Robert Cushman

Definition

Robert Cushman (l. 1577-1625 CE) was an author, lay preacher, and member of the Leiden congregation of separatists (later known as the pilgrims) who negotiated passage for them from the Netherlands to North America in 1620 CE aboard the Mayflower; a voyage which would result in the foundation of the Plymouth Colony in Massachusetts and the establishment of the first successful English settlement in New England. He is also author of the book The Cry of a Stone, published posthumously in 1645 CE, the first published sermon delivered in North America in 1621 CE, and the man who brought back the first narrative of the Plymouth Colony, published as Mourt's Relation, in 1622 CE. He is best known, however, for securing passage and working out the details of financing the Mayflower voyage.

More about: Robert Cushman

Timeline

  • 1577 - 1625
    Life of Robert Cushman who negotiated the funding and provision for the voyage of the Mayflower to the New World.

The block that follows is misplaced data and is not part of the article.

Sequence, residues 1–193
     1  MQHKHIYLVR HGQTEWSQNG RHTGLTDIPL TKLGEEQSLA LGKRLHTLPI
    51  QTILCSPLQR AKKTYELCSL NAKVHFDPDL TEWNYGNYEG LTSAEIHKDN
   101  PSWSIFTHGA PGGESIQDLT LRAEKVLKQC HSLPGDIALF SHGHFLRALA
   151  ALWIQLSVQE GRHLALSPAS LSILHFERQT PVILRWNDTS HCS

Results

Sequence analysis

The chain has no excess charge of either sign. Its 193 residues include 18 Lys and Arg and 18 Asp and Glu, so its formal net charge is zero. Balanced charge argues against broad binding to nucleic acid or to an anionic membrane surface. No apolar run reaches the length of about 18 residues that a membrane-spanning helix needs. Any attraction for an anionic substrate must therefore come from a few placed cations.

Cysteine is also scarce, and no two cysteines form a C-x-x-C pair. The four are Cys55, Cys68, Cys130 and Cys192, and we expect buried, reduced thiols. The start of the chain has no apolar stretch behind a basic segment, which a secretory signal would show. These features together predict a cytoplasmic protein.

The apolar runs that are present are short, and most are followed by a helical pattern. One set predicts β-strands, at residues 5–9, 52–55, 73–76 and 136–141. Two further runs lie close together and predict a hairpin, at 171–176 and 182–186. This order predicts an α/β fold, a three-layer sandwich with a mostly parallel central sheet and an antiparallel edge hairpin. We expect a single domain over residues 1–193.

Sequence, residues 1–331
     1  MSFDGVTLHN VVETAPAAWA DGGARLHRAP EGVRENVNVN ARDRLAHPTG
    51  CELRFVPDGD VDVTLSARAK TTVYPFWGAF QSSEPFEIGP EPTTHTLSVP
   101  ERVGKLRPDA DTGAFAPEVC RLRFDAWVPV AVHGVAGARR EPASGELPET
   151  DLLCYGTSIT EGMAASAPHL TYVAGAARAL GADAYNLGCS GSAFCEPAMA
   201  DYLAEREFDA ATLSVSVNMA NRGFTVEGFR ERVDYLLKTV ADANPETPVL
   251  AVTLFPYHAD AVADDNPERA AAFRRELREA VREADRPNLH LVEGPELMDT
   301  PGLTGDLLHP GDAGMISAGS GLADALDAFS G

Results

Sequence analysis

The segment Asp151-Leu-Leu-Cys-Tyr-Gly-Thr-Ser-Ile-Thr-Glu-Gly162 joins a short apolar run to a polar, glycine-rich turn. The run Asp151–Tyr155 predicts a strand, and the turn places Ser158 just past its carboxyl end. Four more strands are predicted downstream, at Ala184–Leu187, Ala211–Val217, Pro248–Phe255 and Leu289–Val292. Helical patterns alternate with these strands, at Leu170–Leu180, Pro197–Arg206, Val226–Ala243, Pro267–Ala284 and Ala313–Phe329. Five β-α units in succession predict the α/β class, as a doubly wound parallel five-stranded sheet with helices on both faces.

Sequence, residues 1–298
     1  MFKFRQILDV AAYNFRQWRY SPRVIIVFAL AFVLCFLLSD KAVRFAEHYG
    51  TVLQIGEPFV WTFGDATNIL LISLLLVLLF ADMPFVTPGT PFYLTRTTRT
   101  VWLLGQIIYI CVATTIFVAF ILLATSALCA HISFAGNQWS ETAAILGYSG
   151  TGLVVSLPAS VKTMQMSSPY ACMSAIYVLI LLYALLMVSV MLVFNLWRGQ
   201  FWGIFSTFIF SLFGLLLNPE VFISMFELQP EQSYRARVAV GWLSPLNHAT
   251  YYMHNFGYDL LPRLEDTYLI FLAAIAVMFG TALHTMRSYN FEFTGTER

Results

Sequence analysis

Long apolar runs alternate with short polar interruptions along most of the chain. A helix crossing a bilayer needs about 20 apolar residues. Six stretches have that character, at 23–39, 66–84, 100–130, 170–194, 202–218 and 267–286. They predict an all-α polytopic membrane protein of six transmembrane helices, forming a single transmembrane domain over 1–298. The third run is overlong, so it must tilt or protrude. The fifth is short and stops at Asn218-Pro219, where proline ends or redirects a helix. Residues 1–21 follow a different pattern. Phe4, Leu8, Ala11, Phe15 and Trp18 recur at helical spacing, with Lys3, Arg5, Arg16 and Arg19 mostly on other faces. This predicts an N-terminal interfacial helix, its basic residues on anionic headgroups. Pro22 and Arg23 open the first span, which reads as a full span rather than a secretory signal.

• 1603 - 1606
    Separatist Robert Cushman is arrested three times for distributing anti-Anglican publications in England.
  • c. 1607
    Robert Cushman and his family join a separatist congregation fleeing England for the more religiously tolerant Netherlands.
  • 1611
    Robert Cushman's wife and two children die in Leiden, Netherlands.
  • 1617 - 1620
    Robert Cushman negotiates with businessmen of London to finance and equip the voyage of the Mayflower to the New World.
  • 1620
    Robert Cushman remains behind in England after falling ill after negotiations; the Mayflower leaves without him.
  • 1621
    Robert Cushman travels to Plymouth Colony with new patent and contract; delivers first published sermon given in the Americas.
  • 1621 - 1622
    Robert Cushman returns to England with the manuscript of Mourt's Relation, an account of the founding of Plymouth Colony, which he has published in 1622 CE.
  • 1645
    Posthumous publication of Robert Cushman's book The Cry of a Stone, defining the Separatist vision.
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